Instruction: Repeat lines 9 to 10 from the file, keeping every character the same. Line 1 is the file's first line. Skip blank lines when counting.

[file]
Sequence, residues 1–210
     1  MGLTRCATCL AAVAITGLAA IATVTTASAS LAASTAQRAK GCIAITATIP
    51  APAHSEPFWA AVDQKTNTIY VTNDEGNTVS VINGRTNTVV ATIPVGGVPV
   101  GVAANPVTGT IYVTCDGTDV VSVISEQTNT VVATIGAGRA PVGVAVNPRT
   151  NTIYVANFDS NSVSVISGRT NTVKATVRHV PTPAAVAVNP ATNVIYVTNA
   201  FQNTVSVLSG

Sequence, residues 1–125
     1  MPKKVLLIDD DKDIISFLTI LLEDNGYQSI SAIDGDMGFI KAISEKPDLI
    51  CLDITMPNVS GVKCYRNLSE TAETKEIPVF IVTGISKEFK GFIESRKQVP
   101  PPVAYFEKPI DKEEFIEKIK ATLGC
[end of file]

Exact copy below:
    51  CLDITMPNVS GVKCYRNLSE TAETKEIPVF IVTGISKEFK GFIESRKQVP
   101  PPVAYFEKPI DKEEFIEKIK ATLGC